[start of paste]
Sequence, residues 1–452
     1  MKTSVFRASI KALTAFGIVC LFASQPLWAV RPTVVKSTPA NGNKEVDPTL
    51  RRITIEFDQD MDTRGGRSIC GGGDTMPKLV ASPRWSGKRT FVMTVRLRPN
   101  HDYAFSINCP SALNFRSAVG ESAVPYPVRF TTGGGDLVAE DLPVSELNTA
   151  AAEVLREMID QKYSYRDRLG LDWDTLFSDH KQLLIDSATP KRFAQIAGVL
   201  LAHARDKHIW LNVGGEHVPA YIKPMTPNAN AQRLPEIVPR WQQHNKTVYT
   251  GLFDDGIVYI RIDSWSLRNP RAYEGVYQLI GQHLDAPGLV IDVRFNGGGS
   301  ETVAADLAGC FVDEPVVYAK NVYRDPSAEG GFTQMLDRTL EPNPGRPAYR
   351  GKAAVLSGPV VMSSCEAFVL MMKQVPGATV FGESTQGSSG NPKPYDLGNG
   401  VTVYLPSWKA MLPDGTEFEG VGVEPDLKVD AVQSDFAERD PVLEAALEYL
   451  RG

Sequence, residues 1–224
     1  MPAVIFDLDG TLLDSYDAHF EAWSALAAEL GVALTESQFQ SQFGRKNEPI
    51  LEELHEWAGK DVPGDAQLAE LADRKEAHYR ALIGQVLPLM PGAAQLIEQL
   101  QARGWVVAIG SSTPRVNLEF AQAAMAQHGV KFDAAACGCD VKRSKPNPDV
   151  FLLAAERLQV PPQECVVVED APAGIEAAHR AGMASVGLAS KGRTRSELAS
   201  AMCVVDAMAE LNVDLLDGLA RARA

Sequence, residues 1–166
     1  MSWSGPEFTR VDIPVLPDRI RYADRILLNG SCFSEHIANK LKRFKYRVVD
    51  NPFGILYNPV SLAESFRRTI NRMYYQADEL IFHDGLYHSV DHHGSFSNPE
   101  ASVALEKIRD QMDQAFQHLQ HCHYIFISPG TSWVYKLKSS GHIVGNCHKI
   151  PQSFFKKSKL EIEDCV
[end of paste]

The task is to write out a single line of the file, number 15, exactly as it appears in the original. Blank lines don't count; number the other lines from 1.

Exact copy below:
   101  QARGWVVAIG SSTPRVNLEF AQAAMAQHGV KFDAAACGCD VKRSKPNPDV